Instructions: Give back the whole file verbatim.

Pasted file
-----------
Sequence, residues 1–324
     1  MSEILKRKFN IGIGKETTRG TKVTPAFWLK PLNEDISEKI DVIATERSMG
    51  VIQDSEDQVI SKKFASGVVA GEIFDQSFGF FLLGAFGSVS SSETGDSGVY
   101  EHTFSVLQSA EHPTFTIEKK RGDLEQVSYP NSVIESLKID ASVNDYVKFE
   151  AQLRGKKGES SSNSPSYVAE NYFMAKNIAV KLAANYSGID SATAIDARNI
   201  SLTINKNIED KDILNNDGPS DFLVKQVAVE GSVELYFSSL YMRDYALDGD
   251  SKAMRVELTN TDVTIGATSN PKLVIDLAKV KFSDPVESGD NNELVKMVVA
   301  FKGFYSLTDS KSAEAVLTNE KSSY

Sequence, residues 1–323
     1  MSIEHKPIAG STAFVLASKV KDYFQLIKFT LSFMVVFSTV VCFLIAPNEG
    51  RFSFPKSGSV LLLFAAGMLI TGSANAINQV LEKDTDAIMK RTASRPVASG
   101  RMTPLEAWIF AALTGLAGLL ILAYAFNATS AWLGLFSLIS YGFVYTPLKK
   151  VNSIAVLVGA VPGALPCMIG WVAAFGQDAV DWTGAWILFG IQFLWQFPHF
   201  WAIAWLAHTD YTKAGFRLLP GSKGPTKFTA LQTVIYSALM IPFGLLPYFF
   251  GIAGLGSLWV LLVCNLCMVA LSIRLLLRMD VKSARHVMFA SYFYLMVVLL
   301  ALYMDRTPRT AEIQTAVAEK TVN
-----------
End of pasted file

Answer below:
Sequence, residues 1–324
     1  MSEILKRKFN IGIGKETTRG TKVTPAFWLK PLNEDISEKI DVIATERSMG
    51  VIQDSEDQVI SKKFASGVVA GEIFDQSFGF FLLGAFGSVS SSETGDSGVY
   101  EHTFSVLQSA EHPTFTIEKK RGDLEQVSYP NSVIESLKID ASVNDYVKFE
   151  AQLRGKKGES SSNSPSYVAE NYFMAKNIAV KLAANYSGID SATAIDARNI
   201  SLTINKNIED KDILNNDGPS DFLVKQVAVE GSVELYFSSL YMRDYALDGD
   251  SKAMRVELTN TDVTIGATSN PKLVIDLAKV KFSDPVESGD NNELVKMVVA
   301  FKGFYSLTDS KSAEAVLTNE KSSY

Sequence, residues 1–323
     1  MSIEHKPIAG STAFVLASKV KDYFQLIKFT LSFMVVFSTV VCFLIAPNEG
    51  RFSFPKSGSV LLLFAAGMLI TGSANAINQV LEKDTDAIMK RTASRPVASG
   101  RMTPLEAWIF AALTGLAGLL ILAYAFNATS AWLGLFSLIS YGFVYTPLKK
   151  VNSIAVLVGA VPGALPCMIG WVAAFGQDAV DWTGAWILFG IQFLWQFPHF
   201  WAIAWLAHTD YTKAGFRLLP GSKGPTKFTA LQTVIYSALM IPFGLLPYFF
   251  GIAGLGSLWV LLVCNLCMVA LSIRLLLRMD VKSARHVMFA SYFYLMVVLL
   301  ALYMDRTPRT AEIQTAVAEK TVN